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Descartes 1

The Method of Analysis

Descartes suggests in earlier works that in order to achieve results in the sciences we need to take things apart into their simplest elements, see how those elements are related to one another, and then recompose them. This is very much the resoluto-compositive method that Galileo used in analyzing motion. It is also a method which Descartes and other sixteenth and seventeenth century mathematicians believed the great mathematicians of antiquity, Euclid, Archimedes, and Apollonius for example, had used to make their discoveries, before these discoveries were presented in the synthetic form. Descartes developed his own version of this method. Many philosophers were impressed by the deductive form of Euclidean geometry. Descartes was not. His account of the method of analysis has to do with problem solving, with the method of discovering the truths which are then presented deductively. For a more detailed discussion of the method of analysis, you should look at Chapter 2 of John Cottingham's book The Rationalists. The point here is that what Descartes' analysis of dreams tells us is that we are moving both towards that which cannot be doubted on the strongest possible skeptical hypothesis and, at the same time, towards that which is most simple.

Under the pressure of the dream hypothesis, and adhering to the method of doubt, Descartes tries to determine which things can be doubted and which cannot. He remarks that "...while eyes, heads and hands may be imaginary, it must be granted that some simpler and more universal things are real -- the "real colors" from which the true and false images in our thoughts are framed." Besides these:

   Things of this sort seem to include general bodily nature and its extension, the shape of extended things, their quantity (that is their size and number) the place in which they exist, the time through which they endure, and so on.
So, real colors, extension, shape, quantity, time and place all are immune to the doubts raised by the dream hypothesis. Just as he did for the senses, Descartes has neatly partitioned claims made on the basis of the imagination into two classes, one of which almost always turns out to be false, and the other which we find hard to doubt.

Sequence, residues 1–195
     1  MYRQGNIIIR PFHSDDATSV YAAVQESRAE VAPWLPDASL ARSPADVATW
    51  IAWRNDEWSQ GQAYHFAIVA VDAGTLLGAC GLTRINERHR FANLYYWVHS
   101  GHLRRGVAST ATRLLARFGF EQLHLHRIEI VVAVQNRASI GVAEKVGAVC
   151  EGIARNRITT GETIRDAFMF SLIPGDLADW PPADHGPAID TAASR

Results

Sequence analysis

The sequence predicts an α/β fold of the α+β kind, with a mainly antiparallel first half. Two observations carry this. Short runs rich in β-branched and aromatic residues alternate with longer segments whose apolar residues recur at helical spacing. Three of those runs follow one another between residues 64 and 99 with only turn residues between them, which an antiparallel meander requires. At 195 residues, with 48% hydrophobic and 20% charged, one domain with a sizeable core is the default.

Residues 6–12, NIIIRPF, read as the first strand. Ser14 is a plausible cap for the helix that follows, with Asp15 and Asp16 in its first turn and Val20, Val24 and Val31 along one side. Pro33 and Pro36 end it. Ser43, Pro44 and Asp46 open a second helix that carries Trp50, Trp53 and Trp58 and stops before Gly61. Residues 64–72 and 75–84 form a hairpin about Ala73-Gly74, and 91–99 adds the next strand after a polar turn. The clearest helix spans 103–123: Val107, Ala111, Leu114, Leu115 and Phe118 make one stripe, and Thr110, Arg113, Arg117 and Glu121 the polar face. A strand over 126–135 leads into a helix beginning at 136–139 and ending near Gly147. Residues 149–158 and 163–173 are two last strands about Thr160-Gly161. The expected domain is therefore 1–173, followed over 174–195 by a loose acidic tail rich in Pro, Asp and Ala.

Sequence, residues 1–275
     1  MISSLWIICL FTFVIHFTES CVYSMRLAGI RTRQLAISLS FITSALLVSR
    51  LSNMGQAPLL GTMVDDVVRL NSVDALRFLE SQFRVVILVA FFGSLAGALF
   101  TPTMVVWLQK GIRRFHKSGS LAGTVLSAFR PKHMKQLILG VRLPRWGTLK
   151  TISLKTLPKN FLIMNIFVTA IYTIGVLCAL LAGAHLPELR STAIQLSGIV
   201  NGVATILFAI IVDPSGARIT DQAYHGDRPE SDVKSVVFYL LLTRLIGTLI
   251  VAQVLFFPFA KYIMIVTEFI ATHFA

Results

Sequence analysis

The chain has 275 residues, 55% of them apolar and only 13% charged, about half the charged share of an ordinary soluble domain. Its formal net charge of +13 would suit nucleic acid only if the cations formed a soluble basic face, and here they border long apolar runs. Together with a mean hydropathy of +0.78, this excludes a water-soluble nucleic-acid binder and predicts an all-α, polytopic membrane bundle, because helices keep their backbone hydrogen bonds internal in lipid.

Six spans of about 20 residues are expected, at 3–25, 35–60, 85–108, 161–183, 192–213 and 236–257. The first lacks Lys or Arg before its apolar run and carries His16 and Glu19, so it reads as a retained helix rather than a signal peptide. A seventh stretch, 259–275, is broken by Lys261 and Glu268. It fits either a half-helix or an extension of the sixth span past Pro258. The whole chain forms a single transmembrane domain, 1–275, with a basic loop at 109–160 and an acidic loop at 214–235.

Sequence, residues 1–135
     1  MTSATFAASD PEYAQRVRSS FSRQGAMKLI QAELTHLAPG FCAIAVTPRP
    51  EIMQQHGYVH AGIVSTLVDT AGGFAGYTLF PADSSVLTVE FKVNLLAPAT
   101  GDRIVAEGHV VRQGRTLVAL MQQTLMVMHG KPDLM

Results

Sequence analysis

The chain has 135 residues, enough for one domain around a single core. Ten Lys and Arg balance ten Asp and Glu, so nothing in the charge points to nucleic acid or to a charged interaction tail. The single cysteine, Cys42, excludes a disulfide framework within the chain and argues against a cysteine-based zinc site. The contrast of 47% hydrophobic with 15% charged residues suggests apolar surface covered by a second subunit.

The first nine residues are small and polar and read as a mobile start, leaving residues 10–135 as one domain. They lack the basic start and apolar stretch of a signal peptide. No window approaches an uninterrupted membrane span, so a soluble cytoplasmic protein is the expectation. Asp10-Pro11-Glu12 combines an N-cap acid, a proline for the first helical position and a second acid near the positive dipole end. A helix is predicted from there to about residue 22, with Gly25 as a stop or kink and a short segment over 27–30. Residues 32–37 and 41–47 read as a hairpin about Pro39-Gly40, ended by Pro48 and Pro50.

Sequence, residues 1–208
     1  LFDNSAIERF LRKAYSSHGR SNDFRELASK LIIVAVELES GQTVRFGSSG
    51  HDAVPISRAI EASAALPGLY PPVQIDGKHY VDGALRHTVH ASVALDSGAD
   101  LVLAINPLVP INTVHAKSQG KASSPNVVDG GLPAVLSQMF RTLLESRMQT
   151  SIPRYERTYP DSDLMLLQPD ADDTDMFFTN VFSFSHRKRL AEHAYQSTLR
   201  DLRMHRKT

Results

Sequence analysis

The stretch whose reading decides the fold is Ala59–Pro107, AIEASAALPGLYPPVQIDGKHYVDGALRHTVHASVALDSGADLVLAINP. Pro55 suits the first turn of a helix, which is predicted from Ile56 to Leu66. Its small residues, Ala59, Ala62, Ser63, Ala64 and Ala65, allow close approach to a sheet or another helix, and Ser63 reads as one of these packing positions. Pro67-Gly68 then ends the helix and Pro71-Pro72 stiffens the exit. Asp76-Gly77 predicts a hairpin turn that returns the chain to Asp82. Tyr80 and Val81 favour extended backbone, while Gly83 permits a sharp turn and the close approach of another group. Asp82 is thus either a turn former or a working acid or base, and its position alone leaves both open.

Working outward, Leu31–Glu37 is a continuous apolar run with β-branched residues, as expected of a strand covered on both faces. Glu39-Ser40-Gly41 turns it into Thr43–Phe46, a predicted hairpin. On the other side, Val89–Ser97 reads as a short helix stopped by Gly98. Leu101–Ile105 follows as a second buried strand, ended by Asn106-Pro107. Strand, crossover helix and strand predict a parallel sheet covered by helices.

Claims about the world about us derived from dreams
These claims almost always turn out to be false
I am sitting by the fire (when in fact I am in bed asleep).
Claims about the world which depend on truths of mathematics, and claims about time and space.
These claims are almost all going to turn out to be true.
Claims derived from the imagination

Descartes now shows his concern about the implications of these skeptical hypotheses for the sciences. He writes:

Perhaps we can correctly infer that, while physics, astronomy, medicine and other disciplines that study composites are dubious, disciplines like arithmetic and geometry, which deal only with completely simple and universal things without regard to whether they exist in the world, are somehow certain and indubitable. For whether we are awake or asleep, two plus three is always five, and the square never has more than four sides.
This passage makes it quite explicit that we are moving from the complex to the simple. This is good evidence that Descartes' method of analysis is being applied here. So, besides those general features of bodily nature, the truths of mathematics are largely immune to the doubts raised by the dream hypothesis. How then could one call such truths as that squares have four sides and that 2 +3 = 5 into question? Note just how difficult this is. If it seems mad to doubt things perceived near by, it is surely more difficult to genuinely call into question such truths as that squares have fours sides.


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